I liked this movie even though it is a bit Hollywood, like '300.' Unfortunately, Angelina Jolie, as Grendel's mum, uses the same woeful accent that she had in 'Alexander'. But she looks damn good with her hyper-super-real motion capture golden body! The scripting is where the genius lay: screenwriters, Neil Gaiman & Roger Avary, have, in my opinion, actually improved on the original myth, by filling in some of the waffling gaps. As they say themselves in the Special Features, this tale - one of the oldest stories in recorded history - was originally transcribed by religious monks and priests who would have naturally edited and cleaned up the truly horrific and sexual nature of ancient pagan oral tale. These guys have put all this good stuff back in! And then some. In the classic story, Beowulf has to kill three monsters: Grendel, Grendel's mother and a flying dragon. Gaiman and Avary tie in the killing of the dragon in an almost Freudian way, with the killing of Grendel. The entire story becomes an epic parable of how absolute power corrupts. I've seen the film twice and it has rekindled my interest in the Beowulf legend which I still remember from school. The violence - bodies torn limb from limb and heads chewed off by Grendel - are the most accurate depiction of what it actually FELT like reading the stories of Homer, of Ulysses, and of the Cyclops, when I was a child. The slightly animated nature of the filming technique reinforces this. It's like a kids story for the adult mind. Crispin Glover, as the giant, Grendel, is astounding. He literally screams his way through every scene and although he is wreaking havoc and mindless violence on 'men', you still empathise with him because of the amount of physical pain he is in while he is doing it. It's as though he is compelled to act this way despite a better nature. Glover also employs a brilliant olde english accent that will awaken the mystical and primal nature of the English language for you. Here's a translation of one of his emotive dialogues with his mother:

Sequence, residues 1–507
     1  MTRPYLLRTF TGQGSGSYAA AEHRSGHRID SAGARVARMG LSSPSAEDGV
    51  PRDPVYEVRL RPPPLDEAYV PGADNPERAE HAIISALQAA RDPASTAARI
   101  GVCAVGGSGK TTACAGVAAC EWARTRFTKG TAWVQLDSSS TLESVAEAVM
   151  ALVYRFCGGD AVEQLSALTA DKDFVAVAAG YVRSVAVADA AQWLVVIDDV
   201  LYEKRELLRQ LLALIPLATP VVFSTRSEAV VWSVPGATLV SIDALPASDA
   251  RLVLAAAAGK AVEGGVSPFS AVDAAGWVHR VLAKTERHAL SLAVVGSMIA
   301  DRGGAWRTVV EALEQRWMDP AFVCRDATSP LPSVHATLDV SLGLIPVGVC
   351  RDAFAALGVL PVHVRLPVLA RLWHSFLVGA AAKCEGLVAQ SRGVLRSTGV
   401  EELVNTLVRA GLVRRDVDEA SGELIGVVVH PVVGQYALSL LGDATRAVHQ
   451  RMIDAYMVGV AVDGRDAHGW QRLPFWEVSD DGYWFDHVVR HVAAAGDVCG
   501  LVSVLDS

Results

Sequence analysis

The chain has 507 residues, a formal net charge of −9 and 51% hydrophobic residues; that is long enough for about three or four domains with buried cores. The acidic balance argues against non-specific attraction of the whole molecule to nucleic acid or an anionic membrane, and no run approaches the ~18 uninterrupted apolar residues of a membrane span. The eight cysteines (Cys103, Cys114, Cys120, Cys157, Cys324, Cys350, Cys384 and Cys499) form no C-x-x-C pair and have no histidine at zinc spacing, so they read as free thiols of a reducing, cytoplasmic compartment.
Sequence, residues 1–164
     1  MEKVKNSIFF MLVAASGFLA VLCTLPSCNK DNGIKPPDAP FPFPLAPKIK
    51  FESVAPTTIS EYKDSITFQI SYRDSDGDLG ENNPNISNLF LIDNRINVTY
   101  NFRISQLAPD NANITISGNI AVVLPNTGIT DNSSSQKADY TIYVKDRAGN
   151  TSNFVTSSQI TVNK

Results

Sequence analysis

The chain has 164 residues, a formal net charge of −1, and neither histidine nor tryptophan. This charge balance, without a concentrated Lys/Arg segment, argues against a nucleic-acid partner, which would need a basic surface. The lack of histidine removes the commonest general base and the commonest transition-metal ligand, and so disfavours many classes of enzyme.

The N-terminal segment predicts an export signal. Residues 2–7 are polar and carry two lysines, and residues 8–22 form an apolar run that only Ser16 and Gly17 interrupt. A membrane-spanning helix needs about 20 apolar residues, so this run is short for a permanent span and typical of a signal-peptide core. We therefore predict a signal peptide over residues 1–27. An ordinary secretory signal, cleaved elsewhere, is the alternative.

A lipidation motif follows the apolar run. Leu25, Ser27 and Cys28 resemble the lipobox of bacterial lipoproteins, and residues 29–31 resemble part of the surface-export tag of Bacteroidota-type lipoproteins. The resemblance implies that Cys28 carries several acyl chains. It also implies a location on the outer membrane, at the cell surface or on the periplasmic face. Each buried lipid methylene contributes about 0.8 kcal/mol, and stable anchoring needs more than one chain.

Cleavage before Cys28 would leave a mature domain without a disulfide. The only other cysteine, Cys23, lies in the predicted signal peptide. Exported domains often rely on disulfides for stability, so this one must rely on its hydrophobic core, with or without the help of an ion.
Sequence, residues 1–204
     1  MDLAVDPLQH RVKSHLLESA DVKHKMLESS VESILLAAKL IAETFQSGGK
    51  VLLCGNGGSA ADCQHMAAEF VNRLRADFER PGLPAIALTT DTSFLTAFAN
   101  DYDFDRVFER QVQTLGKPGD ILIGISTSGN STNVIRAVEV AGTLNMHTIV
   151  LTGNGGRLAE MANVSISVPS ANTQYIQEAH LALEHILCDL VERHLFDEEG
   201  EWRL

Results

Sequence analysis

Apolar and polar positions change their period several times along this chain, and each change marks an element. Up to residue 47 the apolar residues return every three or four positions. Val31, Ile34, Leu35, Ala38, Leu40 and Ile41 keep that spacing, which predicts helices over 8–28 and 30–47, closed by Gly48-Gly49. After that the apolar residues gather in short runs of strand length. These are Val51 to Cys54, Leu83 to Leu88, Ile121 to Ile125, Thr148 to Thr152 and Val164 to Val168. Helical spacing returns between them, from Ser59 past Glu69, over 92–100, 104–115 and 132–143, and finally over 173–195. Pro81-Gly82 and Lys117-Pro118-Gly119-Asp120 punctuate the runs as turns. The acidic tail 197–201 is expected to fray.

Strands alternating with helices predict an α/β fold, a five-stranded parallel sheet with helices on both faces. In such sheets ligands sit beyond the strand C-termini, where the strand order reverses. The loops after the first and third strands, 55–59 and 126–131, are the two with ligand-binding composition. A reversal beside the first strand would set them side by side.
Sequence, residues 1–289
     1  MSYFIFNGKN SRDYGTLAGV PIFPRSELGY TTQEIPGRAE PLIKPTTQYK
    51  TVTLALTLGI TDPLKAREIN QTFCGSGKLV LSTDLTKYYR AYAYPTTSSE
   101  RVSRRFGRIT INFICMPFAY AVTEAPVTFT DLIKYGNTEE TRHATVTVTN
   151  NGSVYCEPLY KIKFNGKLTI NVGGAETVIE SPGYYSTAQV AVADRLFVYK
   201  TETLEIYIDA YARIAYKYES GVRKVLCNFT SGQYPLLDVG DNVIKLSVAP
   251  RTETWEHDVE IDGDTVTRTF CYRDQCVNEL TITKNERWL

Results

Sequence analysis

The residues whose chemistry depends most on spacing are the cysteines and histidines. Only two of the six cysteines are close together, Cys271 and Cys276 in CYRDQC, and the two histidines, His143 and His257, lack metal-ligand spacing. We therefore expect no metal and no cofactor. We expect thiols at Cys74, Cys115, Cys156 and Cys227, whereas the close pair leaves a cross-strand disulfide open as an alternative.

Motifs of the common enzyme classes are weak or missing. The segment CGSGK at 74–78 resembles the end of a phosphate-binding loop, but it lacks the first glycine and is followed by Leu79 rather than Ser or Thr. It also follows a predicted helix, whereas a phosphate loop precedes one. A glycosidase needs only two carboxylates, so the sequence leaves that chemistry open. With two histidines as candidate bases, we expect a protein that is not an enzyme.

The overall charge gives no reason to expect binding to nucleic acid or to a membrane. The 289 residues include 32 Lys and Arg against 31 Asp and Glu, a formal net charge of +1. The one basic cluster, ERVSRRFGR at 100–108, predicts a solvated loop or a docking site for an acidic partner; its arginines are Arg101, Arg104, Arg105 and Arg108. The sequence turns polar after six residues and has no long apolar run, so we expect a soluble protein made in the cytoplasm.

(Grendel returns to his lair)
GRENDEL'S MOTHER: Grendel. My son. My poor son.
GRENDEL: Mother. They hurt me, Mother.
GRENDEL'S MOTHER: Sleep now, my son.
GRENDEL: He murdered me, Mother.
GRENDEL'S MOTHER. Who murdered you, my son?
GRENDEL: He ripped off my arm.
GRENDEL'S MOTHER: He will pay, my darling. Who was the man?
GRENDEL: He was so strong. So strong.
GRENDEL'S MOTHER: Who was the man?
GRENDEL: His name . . . .
His name . . . . Beowulf.



With space for burials scarce and cremations bad for the environment, UK ministers are considering radical solutions for disposing of the dead

By Brian Brady, Whitehall Editor
Sunday, 6 April 2008

Traditional methods of laying the dead to rest can no longer cope with the disposal of the 500,000 people who die in England and Wales each year.
The Government is considering radical measures as burial grounds fill up and crematoria are increasingly under scrutiny because the fumes produced by burning bodies contribute to environmental pollution.
Led by Harriet Harman, ministers have launched a concerted effort to find a solution. With options shrinking, the Government has turned its attention to the possibility of "boiling" bodies down to a handful of dust.